Sen. Franklin proposes her personal income tax bill every year, God bless her, and it rarely even gets a public hearing, let alone a vote in committee. The Times knows that, and to raise the income tax specter now, in this context, with this sweet old lady cast as the political super-villain poised to achieve what popular Gov. Dan Evans couldn’t accomplish at his peak, is a deliberate and dishonest scare tactic, pure and simple.
(Furthermore, the Times also knows that Sen. Franklin isn’t even proposing an income tax as a means of filling the budget gap, but rather as part of a broader restructuring package that would also dramatically reduce the state portion of the sales and property taxes. Whether a restructured tax system that includes an income tax would raise more or less dollars, or remain revenue neutral, is an entirely separate debate from tax restructuring itself.)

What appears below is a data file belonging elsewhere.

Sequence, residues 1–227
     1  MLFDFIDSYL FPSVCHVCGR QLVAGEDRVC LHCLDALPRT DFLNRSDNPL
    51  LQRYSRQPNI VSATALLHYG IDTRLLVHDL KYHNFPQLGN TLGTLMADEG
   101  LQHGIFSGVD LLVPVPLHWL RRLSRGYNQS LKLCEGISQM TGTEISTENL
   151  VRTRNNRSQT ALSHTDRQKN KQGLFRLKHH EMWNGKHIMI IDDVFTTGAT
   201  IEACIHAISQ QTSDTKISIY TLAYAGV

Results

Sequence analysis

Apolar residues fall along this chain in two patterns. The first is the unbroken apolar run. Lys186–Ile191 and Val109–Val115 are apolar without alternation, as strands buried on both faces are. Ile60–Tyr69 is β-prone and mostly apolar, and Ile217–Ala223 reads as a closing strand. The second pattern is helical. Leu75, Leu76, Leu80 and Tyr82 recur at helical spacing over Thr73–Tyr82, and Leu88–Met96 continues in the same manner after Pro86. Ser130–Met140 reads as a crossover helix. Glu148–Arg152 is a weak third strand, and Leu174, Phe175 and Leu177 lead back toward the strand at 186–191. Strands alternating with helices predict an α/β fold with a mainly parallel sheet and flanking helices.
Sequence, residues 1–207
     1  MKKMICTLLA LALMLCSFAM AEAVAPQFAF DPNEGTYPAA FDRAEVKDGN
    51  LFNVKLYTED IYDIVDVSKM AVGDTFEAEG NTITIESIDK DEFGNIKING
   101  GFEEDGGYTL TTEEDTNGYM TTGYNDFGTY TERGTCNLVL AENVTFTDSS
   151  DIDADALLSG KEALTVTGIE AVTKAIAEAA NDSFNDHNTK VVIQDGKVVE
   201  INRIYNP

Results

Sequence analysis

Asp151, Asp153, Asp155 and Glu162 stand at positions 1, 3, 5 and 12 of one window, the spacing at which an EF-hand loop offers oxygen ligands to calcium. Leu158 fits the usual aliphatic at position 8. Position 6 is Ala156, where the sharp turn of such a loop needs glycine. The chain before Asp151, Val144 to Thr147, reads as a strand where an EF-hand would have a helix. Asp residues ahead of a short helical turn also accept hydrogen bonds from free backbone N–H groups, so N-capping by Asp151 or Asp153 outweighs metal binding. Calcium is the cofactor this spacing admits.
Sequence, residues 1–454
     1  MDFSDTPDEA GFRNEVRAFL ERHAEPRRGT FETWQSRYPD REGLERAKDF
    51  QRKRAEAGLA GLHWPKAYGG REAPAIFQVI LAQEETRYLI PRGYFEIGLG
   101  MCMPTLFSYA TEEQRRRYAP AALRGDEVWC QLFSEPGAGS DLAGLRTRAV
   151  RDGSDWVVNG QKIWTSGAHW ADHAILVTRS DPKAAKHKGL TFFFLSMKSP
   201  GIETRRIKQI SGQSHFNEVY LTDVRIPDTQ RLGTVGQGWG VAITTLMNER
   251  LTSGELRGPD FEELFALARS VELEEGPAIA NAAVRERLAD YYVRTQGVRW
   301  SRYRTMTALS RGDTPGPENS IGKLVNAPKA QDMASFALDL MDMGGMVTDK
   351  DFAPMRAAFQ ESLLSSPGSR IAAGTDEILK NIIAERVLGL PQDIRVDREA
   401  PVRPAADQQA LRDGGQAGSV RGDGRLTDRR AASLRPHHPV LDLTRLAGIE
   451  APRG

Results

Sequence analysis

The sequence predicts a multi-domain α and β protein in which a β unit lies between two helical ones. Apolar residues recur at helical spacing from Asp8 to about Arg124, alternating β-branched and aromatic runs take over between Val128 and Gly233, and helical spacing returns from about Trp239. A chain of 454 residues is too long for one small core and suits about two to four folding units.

There is the problem for Democrats who would send a tax package to voters. If their tax does the job, it will be an economy-killer. If it is a bearable tax, it won’t do the job.
I guess if they say it often enough, that this is an either/or option, they hope their readers will believe it true. But it’s not. If the legislature sends a tax package to voters it will be to fill part of the budget gap, not all of it.
The remaining option is cuts. They are painful, but they will have to fill most of that $5 billion gap.
The state must cut, cut, cut.
Actually, there are three options: budget cuts, tax increases, and deficit spending, and considering the essential services at risk—not to mention that every $1 billion reduction in state spending is estimated to cost about 15,000 jobs—it would be irresponsible for lawmakers not to at least consider all the tools at their disposal.
So my suggestion to lawmakers is don’t allow yourselves to be cowed by the Seattle Times’ irresponsible demagoguery; the real reason they don’t want you to put a tax package on the ballot is that they are afraid it will pass.